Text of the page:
First responders use heat-seeking drones in deadly tornado aftermath
Heat-seeking drones helped reassure searchers that they hadn't overlooked anyone in the aftermath of the twister that killed 23 people
By Adrian Sainz
Rescue crews didn't have to stumble through every destroyed building in their search for victims after a tornado ravaged a corner of Alabama this week: They used heat-seeking drones to let them know whether there was anyone beneath the ruins.
In so doing, they joined the increasing ranks of public safety agencies across the U.S. and around the world that have employed unmanned thermal-imaging aircraft during critical situations, including manhunts, wildfires and other natural disasters.
In tornado-stricken Alabama, Lee County Sheriff Jay Jones said Tuesday it was not clear if drones spotted any bodies or anyone injured or trapped in the debris. But at the least, they helped reassure searchers that they hadn't overlooked anyone in the aftermath of the twister that killed 23 people.
"They gave us an overhead view of areas we might have missed had we been at eye level on land," Jones said.
Thermal-imaging drones use infrared cameras that find heat sources on the ground, in buildings or in water, at any time of day, whether from a human or animal, alive or newly deceased, or from other things, such as flames.
The devices can transmit a color-coded image in real time to a laptop, cellphone, tablet or large-screen monitor. Depending on the settings the user chooses, heat sources can be made to stand out in bright red, white or other colors.
Law enforcement officers and firefighters who use such airborne technology swear by it as a tool to protect and save lives. Drones are cheaper than manned aircraft such as helicopters, which can't get into tight spaces and require more training.
Officials in China, Nepal and Mexico used drones — with and without heat-detecting equipment — after devastating earthquakes. Firefighters battling fast-moving blazes in California's woods employed heat-seeking drones to map fires and search burned homes. They also have been used to locate missing people, as in the case of an 11-year-old girl found last year in the thick woods of North Carolina.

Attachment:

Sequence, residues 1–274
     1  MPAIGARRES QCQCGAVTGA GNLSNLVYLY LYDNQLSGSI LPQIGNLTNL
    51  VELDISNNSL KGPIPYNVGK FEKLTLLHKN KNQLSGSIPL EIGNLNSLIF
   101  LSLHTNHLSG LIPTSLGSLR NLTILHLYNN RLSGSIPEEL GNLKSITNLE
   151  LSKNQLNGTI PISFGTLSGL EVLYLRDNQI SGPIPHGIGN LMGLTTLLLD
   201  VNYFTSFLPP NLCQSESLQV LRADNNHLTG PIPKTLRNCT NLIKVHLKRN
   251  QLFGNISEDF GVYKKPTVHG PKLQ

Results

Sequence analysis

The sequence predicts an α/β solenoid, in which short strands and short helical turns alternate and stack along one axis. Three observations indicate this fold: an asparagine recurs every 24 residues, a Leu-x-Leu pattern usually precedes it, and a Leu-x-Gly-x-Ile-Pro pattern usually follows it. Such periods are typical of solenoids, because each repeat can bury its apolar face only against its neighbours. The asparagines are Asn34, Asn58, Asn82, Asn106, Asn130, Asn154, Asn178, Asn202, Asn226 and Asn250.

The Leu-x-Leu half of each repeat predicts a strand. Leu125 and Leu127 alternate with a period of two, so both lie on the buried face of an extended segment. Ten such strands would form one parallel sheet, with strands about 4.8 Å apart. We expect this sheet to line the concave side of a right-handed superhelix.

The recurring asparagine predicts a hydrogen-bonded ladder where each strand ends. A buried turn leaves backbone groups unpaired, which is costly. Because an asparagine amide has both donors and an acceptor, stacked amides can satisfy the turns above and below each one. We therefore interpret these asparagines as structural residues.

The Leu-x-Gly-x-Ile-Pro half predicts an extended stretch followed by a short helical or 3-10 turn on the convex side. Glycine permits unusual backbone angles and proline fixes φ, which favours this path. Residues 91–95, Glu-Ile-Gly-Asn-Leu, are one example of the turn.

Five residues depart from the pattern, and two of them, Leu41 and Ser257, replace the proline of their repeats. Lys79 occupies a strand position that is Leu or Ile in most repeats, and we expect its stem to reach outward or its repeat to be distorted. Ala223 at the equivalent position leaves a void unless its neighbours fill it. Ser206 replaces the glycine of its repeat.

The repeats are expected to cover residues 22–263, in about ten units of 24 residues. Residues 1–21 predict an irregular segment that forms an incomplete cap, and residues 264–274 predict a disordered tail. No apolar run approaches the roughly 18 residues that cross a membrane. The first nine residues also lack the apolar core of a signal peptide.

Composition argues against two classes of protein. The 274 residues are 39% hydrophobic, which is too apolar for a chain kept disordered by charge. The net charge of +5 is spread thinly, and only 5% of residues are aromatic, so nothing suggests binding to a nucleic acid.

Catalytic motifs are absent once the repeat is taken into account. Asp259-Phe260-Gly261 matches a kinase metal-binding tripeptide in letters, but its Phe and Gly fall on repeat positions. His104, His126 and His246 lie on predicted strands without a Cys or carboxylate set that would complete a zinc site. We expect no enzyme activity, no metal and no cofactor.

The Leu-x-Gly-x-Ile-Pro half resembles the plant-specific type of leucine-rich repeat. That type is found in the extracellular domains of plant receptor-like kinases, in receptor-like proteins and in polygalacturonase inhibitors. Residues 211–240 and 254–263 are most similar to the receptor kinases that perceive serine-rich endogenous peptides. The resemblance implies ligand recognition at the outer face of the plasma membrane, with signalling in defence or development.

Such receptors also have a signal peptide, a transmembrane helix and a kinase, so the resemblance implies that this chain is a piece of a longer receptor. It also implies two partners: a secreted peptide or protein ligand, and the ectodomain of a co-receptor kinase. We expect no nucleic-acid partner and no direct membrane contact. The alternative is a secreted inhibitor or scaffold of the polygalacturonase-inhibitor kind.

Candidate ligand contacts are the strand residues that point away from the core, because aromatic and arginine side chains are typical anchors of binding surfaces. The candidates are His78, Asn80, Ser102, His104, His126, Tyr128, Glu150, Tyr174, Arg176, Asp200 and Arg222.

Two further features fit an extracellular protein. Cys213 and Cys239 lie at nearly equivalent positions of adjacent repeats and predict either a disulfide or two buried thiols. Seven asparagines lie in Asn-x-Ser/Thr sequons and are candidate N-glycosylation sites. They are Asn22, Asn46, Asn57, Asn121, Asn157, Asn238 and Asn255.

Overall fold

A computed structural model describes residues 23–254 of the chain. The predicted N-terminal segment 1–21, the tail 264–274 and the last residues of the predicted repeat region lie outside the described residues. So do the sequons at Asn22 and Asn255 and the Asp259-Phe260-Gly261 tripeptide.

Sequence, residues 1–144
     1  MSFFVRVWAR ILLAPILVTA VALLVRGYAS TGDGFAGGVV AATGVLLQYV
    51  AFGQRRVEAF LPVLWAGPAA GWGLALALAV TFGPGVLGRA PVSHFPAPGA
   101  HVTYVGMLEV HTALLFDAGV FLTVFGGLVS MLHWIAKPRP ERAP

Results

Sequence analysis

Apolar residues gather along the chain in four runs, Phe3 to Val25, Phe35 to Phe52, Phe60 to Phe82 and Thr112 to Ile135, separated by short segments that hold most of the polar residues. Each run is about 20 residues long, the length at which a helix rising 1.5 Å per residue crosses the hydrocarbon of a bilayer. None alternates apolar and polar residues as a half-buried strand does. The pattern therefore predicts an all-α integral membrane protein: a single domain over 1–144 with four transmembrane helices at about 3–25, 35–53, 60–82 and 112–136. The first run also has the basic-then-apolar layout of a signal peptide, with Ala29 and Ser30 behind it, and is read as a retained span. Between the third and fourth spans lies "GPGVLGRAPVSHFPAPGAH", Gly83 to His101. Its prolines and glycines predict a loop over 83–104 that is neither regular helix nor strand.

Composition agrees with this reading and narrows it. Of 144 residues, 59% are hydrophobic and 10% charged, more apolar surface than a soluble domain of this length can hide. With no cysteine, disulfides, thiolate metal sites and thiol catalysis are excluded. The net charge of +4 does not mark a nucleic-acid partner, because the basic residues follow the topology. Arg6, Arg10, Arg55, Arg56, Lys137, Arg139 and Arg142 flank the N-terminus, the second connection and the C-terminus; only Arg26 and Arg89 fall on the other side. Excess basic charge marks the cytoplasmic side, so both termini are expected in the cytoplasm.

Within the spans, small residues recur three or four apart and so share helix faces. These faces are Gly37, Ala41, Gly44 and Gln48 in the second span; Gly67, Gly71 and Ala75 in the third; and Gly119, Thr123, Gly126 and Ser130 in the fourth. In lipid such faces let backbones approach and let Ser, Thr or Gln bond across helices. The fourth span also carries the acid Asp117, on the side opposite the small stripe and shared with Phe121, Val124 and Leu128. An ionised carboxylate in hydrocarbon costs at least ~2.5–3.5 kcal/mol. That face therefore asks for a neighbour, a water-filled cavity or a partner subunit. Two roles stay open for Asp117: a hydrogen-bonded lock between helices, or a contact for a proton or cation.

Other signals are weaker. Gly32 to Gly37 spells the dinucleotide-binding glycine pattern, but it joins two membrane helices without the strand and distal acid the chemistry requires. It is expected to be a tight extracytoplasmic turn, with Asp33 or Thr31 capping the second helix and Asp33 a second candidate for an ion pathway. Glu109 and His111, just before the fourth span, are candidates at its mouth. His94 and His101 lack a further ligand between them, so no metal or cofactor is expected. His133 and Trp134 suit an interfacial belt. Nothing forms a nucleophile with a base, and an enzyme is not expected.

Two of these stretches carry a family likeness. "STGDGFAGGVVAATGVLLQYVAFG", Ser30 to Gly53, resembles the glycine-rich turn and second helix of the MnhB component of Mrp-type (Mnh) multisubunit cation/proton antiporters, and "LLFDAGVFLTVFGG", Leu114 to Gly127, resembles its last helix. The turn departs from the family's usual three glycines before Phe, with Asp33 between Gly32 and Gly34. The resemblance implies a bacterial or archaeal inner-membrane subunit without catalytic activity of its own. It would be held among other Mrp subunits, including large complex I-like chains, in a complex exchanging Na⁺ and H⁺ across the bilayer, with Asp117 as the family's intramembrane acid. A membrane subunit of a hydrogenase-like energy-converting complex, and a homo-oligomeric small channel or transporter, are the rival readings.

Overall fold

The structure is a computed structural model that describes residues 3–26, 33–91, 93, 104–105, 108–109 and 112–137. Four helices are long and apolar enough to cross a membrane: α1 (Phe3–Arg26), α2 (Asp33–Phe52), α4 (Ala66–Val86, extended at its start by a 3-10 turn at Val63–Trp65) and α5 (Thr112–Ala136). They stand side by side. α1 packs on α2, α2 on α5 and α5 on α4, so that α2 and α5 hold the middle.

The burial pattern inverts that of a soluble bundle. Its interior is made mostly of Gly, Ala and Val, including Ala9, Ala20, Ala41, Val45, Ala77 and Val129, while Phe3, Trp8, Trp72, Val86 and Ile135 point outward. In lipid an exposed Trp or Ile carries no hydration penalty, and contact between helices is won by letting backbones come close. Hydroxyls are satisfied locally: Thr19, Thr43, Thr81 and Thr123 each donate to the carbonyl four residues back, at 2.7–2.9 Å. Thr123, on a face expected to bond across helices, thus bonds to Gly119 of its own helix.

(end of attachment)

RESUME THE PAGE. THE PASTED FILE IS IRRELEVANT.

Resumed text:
In Hamilton County, Tennessee, Sheriff's Detective Marty Dunn got an urgent call last summer. A man involved in a domestic dispute had fled his home and ventured into the swampy woods near Chattanooga, perhaps with the intention of harming himself.
Dunn rushed to the scene with a thermal-imaging drone. He guided the aircraft over the thick canopy of trees and found what he had been looking for in about 6 minutes — a heat signature that told him a human was sitting at the base of a tree. The man was rescued quickly and safely, Dunn said.
It took less time than a search by deputies and police dogs would have, he said.
"It's an amazing tool," Dunn said. "It worked out for the best."
In the San Francisco area, the Menlo Park Fire Protection District boasts a fleet of about 15 drones with varying capabilities, some with regular cameras, some with thermal-imaging ones. During last year's devastating wildfires in Northern California, thermal-imaging drones mapped areas where fires raged. The pictures were sent to firefighters' cellphones, helping them attack the flames efficiently, Chief Harold Schapelhouman said.
Menlo Park firefighters also used thermal drones to find people lost in San Francisco Bay, and took drones to Texas to help after Hurricane Harvey. There, the aircraft scoped out flooded areas to make rescue-boat navigation easier amid fallen trees, power lines and other obstacles, Schapelhouman said.
"It's a super-efficient piece of equipment," said Schapelhouman, who estimates the department has spent $200,000 on its drone program, including pilot training.
In Polk County, Florida, Sheriff Grady Judd has a team of 20 drone pilots on his Aerial Response Team. Polk County uses its thermal-imaging drones at night, finding burglars who thought they were safe hiding in the dark.
Drone operations in Florida are limited by strict laws. Judd said the sheriff's office can use drones only in an emergency, such as a tornado or hurricane, or with a court order.
"We can't put it in the air just to look at traffic flows or to write traffic citations or anything like that," Judd said. "You can't launch them to do even population surveillance at a football game to see where you're having trouble."
A Portland, Oregon-based company, FLIR Systems, designs, makes and sells thermal-imaging cameras used by police and fire departments. It has been working on airborne thermal-imaging technology for about 40 years and jumped into the drone camera business for public safety agencies about four years ago, said Jeff Frank, senior vice president for global product strategy.
Camera-and-drone combinations can range from about $1,500 to around $10,000, Frank said.
In a study issued last May, the Center for the Study of Drones at Bard College reported at least 910 state and local police, sheriff, fire and emergency-service agencies in the U.S. have acquired drones.
The report's author, Dan Gettinger, said it is not clear how many agencies have drones with thermal-imaging capabilities but estimated it is less than 25 percent and increasing.